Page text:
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Vibration Analysis of a Shaft-Disc System for On-line Crack Detection


Vibration Analysis of a Shaft-Disc System for On-line Crack Detection

Khorrami, Hamid (2016) Vibration Analysis of a Shaft-Disc System for On-line Crack Detection. PhD thesis, Concordia University.

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This dissertation research concerns detection of cracks in rotating shaft-disc systems using the vibration-based methods. Turbines, pumps and jet engines are some examples of the shaft-disc systems, where crack failures may cause catastrophic effects. Detection of cracks at the early stages of growth is thus vital for prevention of failures, and has been the subject of many studies. Various crack detection methods such as ultrasonic, x-ray and vibration-based methods have been widely developed. Among these, the vibration-based methods are better suited for on-line crack detection. The reliability of such methods, however, relies upon the acquisition of an adequate vibration signature and its correlation with the crack, particularly for small size cracks. The reported studies have employed varying signal processing and crack modeling methods, although the models generally lack of consideration of effects of crack location and other possible faults.
An analytical model of a flexible shaft with two transverse fatigue cracks and two discs mounted on rigid/ resilient supports is formulated, and the corresponding boundary and continuity conditions are developed. A modified harmonic balance method is subsequently proposed for solutions of the governing equations of the analytical model to investigate changes in the selected vibrational properties such as shaft critical speeds, shaft center orbits and super-harmonic components of the steady-state lateral response to an unbalance excitation. The effects of single crack properties such as depth and location on the responses are investigated considering short/long and rigid/flexible bearing supports. The crack is considered as a breathing crack, and is characterized by an exponential function, which facilitated its integration in the modified harmonic balance method. Furthermore, the effects of two cracks’ characteristics such as depth, location and relative angular position on selected vibrational properties are studied. Each crack is initially described by a breathing function proposed by Mayes and Davies, which is subsequently modified as a softly-clipped cosine function to accurately describe saturation in breathing phenomenon. The response characteristics of the cracked shaft are also compared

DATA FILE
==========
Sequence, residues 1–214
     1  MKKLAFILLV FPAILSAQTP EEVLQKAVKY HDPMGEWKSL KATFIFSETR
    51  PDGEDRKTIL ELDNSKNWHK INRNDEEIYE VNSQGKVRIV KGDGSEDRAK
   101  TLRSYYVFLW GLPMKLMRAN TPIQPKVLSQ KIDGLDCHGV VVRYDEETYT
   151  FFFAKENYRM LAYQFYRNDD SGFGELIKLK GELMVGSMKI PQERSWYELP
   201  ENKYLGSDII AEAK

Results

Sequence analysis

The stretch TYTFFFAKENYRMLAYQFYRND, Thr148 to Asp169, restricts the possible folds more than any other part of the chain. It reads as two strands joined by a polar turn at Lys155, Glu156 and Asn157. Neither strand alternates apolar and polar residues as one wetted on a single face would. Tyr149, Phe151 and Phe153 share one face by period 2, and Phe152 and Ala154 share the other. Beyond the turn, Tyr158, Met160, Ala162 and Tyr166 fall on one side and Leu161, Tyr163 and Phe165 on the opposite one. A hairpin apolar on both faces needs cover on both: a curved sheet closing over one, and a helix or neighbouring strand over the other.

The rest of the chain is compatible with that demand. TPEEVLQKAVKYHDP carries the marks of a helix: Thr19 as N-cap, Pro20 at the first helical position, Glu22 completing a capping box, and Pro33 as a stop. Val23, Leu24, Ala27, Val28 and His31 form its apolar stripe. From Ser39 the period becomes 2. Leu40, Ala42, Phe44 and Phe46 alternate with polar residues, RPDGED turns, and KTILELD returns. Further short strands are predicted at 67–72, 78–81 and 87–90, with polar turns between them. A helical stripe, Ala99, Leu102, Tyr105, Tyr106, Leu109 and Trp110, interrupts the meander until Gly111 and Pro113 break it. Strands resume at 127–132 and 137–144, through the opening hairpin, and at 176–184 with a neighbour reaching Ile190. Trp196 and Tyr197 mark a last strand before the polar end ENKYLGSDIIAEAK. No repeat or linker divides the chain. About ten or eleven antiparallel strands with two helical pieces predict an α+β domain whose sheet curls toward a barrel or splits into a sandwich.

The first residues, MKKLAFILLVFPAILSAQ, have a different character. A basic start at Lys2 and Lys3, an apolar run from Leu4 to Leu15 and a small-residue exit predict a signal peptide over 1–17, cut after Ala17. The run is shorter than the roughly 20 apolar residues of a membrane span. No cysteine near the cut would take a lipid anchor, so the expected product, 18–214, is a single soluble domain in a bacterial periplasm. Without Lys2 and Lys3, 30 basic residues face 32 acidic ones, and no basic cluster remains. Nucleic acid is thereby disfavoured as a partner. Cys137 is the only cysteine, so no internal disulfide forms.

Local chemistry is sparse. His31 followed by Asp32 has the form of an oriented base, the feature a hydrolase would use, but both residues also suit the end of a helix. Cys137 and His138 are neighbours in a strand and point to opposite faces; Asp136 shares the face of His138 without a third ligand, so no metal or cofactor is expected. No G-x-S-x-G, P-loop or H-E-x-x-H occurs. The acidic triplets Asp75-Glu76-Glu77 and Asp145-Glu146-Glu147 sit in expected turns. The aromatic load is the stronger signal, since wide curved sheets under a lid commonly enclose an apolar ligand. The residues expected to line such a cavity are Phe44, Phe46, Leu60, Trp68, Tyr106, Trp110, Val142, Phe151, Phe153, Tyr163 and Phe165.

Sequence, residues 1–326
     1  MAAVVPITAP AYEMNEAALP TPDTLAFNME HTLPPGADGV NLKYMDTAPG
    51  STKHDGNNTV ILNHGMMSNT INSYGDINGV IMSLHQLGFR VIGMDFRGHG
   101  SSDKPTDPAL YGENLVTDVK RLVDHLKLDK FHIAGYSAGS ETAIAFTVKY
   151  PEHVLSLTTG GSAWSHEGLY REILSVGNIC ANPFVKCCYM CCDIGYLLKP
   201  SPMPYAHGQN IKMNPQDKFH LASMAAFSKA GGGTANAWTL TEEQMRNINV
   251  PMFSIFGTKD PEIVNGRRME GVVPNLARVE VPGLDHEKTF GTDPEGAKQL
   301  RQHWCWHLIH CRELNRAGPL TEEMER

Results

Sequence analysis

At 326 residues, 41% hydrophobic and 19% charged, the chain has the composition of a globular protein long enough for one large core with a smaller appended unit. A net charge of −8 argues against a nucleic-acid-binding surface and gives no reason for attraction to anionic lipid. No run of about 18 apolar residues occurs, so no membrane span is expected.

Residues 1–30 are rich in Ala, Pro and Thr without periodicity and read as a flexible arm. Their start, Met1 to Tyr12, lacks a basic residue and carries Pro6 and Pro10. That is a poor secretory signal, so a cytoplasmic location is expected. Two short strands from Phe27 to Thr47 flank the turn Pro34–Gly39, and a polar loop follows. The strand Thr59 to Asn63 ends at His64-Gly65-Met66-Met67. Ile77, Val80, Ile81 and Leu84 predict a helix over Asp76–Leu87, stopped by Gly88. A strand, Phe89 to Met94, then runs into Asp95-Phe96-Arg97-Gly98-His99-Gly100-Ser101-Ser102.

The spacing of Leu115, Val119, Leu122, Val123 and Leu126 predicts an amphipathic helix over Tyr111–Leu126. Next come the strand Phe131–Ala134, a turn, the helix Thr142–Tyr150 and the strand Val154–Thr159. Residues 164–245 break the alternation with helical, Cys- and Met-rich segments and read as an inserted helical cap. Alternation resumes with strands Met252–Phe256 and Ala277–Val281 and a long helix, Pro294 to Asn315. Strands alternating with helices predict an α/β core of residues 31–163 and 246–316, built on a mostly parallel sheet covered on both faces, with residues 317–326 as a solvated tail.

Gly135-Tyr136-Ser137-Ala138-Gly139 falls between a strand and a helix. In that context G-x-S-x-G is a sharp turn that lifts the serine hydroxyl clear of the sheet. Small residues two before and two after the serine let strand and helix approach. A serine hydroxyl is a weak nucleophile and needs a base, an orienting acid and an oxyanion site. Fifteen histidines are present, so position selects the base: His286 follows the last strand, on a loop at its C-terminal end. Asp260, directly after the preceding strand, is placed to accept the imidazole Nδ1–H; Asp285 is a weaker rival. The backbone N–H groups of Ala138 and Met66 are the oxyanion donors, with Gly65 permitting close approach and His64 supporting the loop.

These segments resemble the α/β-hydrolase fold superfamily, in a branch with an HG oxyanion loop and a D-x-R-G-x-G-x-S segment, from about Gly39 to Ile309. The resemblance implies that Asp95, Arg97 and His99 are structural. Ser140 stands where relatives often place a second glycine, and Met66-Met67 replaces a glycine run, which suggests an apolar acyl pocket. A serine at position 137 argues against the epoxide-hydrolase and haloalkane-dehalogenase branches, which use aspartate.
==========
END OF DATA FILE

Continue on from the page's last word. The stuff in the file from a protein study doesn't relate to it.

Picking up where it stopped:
with those of the system with an intact shaft in order to identify potential measures for detecting cracks. The validity of the proposed analytical model and the solution strategy is illustrated through comparisons of the model results with those obtained
from a finite element model and limited experiments. The crack-induced changes in transient lateral responses of the shaft-disc system are also considered for transverse crack detection. The shaft-disc system is simply modeled as a Jeffcott rotor to compute its start-up responses in the lateral direction. The breathing behavior of the crack is characterized with respect to stress intensity factor at different points on the crack edge at each shaft angle. A positive stress intensity factor corresponds to the open part of the crack, while the closed part shows a negative stress intensity factor. The breathing crack excites super-harmonic components of the transient as well as the steady-state lateral responses. Time-frequency representation of the transient lateral response obtained from Hilbert-Huang transform based on an improved empirical mode decomposition is used for crack detection. The results show that observed changes in the transient and steady-state lateral vibration responses could lead to effective detection of relatively small size cracks.

Divisions:Concordia University > Gina Cody School of Engineering and Computer Science > Mechanical and Industrial Engineering
Item Type:Thesis (PhD)
Authors:Khorrami, Hamid
Institution:Concordia University
Degree Name:Ph. D.
Program:Mechanical Engineering
Date:6 October 2016
Thesis Supervisor(s):Sedaghati, Ramin and Rakheja, Subhash
ID Code:982080
Deposited On:01 Jun 2017 12:38
Last Modified:20 Dec 2018 01:00
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